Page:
Effect of D-Tyrosine on Bacterial Biofilms: Mechanisms and Potential Applications in Membrane Biofouling Control
Doctor of Philosophy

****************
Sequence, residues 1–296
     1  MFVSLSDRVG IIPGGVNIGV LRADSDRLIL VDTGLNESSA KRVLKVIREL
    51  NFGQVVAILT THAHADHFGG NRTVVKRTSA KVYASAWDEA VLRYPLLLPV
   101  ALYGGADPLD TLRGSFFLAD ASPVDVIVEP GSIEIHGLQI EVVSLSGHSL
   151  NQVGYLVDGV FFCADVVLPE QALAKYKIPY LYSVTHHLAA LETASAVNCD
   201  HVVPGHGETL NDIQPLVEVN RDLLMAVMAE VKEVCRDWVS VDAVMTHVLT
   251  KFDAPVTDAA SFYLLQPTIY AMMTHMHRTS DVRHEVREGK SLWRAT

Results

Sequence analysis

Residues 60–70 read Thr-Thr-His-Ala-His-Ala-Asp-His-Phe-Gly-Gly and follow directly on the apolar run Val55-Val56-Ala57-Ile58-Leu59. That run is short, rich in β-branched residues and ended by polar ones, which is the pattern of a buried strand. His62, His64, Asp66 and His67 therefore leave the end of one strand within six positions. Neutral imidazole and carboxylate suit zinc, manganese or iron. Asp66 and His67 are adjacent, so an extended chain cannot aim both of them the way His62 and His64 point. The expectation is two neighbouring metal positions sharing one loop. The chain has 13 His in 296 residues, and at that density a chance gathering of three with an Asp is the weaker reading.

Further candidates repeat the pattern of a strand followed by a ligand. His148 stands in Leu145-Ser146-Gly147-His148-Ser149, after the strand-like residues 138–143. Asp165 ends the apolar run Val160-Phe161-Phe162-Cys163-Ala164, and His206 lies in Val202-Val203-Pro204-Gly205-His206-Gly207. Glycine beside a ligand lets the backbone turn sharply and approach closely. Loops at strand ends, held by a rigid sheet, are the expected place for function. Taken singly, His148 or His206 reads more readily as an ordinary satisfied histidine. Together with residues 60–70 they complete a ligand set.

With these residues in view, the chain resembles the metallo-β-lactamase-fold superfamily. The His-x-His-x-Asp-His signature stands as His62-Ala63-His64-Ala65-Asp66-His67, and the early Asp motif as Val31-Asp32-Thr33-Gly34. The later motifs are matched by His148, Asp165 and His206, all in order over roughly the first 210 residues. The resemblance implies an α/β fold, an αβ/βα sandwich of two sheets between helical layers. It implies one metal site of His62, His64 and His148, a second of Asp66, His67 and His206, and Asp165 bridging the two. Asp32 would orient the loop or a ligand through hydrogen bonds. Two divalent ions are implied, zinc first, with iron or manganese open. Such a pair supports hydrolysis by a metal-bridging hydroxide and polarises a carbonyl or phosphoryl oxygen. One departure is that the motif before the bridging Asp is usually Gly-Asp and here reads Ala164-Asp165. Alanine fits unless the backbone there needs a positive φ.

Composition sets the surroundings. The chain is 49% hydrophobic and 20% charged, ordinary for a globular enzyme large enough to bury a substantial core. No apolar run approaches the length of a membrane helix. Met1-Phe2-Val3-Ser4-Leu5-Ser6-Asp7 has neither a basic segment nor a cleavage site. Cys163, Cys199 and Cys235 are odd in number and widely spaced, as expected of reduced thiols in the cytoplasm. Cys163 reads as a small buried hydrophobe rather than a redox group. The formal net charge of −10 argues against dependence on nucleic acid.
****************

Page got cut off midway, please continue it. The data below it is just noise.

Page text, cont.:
Biofouling leads to diverse detrimental effects in water treatment and distribution systems. D-Tyrosine can be produced by a variety of bacteria and inhibits formation as well as triggers disassembly of biofilms thus has been proposed for biofouling control applications. The impact of D-tyrosine in different biofilm formation stages in G+ and G- bacteria was studied, and a non-monotonic correlation between D-tyrosine concentration and biofilm inhibition effect was revealed. D-Tyrosine inhibited attachment and biofilm formation in Pseudomonas aeruginosa and Bacillus subtilis with an effective concentration of 5 nM. Extracellular protein was decreased in P. aeruginosa biofilms, but increased in those of B. subtilis. Exopolysaccharides production by P. aeruginosa was increased at low concentrations and reduced at high concentrations while no impact was found in B. subtilis. These results suggest that distinct mechanisms are involved at different D-tyrosine concentrations and they may be species specific. Further investigation of the biofilm related gene expression in P. aeruginosa indicated repression of quorum sensing genes at high (200 µM) and low (5nM) effective concentrations but not at non-inhibitive concentrations (1 µM). Lipopolysaccharides production was reduced and the genes were down regulated by D-tyrosine at 5 nM but not at 200 µM. The efflux pump, flagella and racemase genes were also repressed by 5 nM D-tyrosine. Efflux pump is closely related to quorum sensing while how flagella and racemase are affected is unclear. At low concentration, D-tyrosine may serve as a signal molecule to regulate LPS production and quorum sensing, biofilm formation is inhibited through which. At micromolar level, the biofilm inhibition effect decreased with D-tyrosine concentration and could possibly be attributed to the repression of quorum sensing. D-Tyrosine was incorporated onto a nanofiltration membrane using FAU type zeolite nanoparticles covalently bound to the membrane surface as carriers to develop a long-lasting environmentally friendly anti-biofouling membrane. The initial P. aeruginosa cell attachment and subsequent biofilm formation were inhibited. D-tyrosine was gradually released from the membrane in ultrapure water for 5 days and the membrane retained its anti-biofouling capability for 6 days. The membrane alleviated flux decline and irreversible cell adhesion on membrane surface in dead-end filtration.